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Communication Tools: Organisational Readiness Assessment



The first challenge in many research-based organisations is creating a culture-shift away from low-impact supply-led information provision to strategic, audience-led influencing messages. The Amherst H.Wilder Foundations's handbooks on Lobbying and Advocacy for Non-profit Organisations recognises this and provides a series of worksheets and tools designed to assess readiness and commitment to take on public policy issues (see below). It reviews existing champions and initiatives, helps focus goals and begins the planning process. A series of six meetings is outlined to kick-start the planning process and create a workplan.

Public influence readiness assessment for your organisation
There are two parts to this assessment. Part A looks at the substance of your organisation's public policy objectives. Part B looks at your organisation's current capacity to do the work.

Part A: Public Policy Objectives

  • List your public policy issues: in the context of our mission, goals, and existing work what issues can be furthered by engaging in public policy and legislation debate?
  • List existing programs, services, research, outreach, lobbying and advocacy work where experience and expertise has been demonstrated in these issues you most want to influence.
  • Identify which parts of government your core issues decided and debated. Further identify core arenas for influence which can shape policy decisions.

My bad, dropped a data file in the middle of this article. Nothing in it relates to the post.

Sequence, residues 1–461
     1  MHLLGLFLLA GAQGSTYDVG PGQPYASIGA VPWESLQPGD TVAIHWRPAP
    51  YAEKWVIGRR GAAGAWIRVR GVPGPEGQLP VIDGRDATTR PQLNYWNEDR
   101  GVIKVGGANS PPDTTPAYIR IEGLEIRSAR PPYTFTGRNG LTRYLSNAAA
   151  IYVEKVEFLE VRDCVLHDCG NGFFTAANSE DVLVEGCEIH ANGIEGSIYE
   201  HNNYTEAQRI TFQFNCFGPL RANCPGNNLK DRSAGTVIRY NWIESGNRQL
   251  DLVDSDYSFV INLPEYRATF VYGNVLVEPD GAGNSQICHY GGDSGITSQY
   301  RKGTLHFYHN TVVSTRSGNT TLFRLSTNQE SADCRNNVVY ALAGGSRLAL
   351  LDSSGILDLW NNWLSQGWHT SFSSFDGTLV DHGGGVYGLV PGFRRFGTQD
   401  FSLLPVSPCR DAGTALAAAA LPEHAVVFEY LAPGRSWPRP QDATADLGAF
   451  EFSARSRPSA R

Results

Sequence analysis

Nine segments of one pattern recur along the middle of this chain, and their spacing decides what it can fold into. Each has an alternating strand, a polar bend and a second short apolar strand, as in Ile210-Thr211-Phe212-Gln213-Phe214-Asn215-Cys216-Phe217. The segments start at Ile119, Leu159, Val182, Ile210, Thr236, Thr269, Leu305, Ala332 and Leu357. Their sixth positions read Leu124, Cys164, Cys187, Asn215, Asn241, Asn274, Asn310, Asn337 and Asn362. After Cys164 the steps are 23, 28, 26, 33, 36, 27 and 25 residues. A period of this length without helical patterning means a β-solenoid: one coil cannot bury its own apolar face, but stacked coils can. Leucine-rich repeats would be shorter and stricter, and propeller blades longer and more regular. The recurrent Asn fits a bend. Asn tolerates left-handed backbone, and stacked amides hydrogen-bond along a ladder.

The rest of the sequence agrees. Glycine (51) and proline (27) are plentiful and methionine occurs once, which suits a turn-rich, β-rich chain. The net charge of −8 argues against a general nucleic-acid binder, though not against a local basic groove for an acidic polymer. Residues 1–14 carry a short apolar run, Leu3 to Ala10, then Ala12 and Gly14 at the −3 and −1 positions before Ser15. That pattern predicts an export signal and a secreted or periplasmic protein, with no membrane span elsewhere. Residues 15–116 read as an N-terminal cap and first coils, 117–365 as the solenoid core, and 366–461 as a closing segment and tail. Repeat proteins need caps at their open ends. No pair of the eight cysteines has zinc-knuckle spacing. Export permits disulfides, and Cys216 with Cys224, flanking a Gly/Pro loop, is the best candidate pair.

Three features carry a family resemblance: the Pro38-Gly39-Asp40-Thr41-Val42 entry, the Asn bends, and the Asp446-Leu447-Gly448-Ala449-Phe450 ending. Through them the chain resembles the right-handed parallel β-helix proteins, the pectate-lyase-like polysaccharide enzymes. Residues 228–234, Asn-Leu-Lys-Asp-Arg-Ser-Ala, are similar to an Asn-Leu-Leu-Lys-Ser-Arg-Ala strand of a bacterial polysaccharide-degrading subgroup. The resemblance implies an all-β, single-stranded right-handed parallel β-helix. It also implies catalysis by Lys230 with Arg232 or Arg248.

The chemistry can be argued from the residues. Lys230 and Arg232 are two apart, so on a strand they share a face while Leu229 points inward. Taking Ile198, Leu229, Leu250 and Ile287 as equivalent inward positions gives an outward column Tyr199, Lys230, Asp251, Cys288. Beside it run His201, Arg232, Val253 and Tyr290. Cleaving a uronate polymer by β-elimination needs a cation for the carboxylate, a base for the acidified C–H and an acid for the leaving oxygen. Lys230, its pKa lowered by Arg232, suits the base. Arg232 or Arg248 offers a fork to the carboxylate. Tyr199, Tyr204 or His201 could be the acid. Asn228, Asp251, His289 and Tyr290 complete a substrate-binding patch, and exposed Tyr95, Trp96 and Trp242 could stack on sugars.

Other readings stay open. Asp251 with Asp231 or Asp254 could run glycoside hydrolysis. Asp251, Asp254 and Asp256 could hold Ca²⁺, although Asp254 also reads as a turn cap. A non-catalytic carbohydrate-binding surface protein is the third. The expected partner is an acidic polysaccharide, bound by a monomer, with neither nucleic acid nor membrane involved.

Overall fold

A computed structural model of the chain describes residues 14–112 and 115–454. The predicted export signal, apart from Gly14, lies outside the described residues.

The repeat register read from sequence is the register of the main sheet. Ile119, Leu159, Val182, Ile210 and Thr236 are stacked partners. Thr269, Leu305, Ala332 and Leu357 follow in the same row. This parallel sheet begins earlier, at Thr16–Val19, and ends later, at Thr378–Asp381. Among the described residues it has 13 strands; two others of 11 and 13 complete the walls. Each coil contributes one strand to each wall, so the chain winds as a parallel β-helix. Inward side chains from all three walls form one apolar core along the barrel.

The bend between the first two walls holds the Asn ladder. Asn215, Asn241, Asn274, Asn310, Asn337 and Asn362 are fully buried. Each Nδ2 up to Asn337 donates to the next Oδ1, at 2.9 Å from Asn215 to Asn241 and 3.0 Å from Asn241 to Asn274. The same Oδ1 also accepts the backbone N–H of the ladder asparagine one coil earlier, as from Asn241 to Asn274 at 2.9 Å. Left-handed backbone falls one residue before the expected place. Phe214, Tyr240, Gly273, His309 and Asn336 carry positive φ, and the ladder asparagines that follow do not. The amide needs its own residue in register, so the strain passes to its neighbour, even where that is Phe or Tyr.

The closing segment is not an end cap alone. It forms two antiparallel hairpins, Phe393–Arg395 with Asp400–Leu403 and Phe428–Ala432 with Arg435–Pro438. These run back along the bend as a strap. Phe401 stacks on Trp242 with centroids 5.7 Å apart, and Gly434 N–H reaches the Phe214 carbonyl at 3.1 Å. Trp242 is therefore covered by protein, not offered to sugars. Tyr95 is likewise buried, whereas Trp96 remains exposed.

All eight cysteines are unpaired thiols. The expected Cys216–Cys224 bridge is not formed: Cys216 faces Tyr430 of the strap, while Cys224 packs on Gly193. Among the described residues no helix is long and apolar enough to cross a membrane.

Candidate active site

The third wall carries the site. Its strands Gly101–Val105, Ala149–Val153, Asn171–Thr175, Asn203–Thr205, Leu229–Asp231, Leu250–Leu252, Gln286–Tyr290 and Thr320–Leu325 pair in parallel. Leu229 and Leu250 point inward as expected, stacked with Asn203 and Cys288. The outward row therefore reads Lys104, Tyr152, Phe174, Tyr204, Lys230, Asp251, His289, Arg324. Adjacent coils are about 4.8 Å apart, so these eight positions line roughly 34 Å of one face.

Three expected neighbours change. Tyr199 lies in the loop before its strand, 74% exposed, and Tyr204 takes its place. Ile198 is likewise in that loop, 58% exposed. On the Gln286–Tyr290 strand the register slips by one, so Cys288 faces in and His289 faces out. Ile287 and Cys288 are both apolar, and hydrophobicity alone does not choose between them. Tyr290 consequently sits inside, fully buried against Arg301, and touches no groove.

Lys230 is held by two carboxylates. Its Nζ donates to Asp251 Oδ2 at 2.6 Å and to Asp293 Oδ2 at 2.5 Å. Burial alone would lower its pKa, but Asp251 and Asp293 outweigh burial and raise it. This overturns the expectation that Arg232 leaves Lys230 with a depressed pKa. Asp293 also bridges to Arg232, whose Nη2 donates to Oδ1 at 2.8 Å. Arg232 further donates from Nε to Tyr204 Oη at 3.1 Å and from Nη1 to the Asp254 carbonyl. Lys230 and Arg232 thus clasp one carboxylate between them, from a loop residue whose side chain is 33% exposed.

• List the desired policy changes you want, specifically with respect to laws, budgets, ordinances etc.
  • Decide whether you will be proactively proposing new policy change, or reactively responding another group's efforts.

Part B: Organisational Capacity for Public Policy Work

  • List the organisational champions of public policy work and measure the depth of the organisation's commitment to public policy change.
  • Commit to developing a public policy plan.
  • List who's been designated to do what and when, with respect to co-ordinate the planning process, clearing with the board, clarifying staff roles, creating a rapid response team, forming an advisory committee
  • Clarify the systems in place to educate, inform, and mobilise members, partners and constituencies.
  • Review understanding of legislative processes and structures.
  • List resources that will be committed to policy influence work.
  • Clarify media preparedness. Are you camera ready?
  • If you are a not-for-profit organisation, clarify rules with respect to lobbying in your country.

Six Meetings to Action

Once a discussion has been launched, approval given to start a planning process and a planning team selected, the Handbook suggests that six meetings should cover the main requirements to create a policy influence plan for the organisation, as follows:

  1. Prepare the planning team and articulate visions and goals.
  2. Establish criteria for which issues to take up, and decide on the issues.
  3. Decide on target arenas of influence to work on.
  4. Choose strategies and tactics to achieve these and design organisational infrastructure (staff commitments, resource allocations etc).
  5. Create the workplan, with specific actions, targets and dates.
  6. Present the workplan to the whole organisation.

Source: Adapted from Avner 2002 Chapter One and Worksheet 1, p58-66

This tool first appeared in the ODI Toolkit, Tools for Policy Impact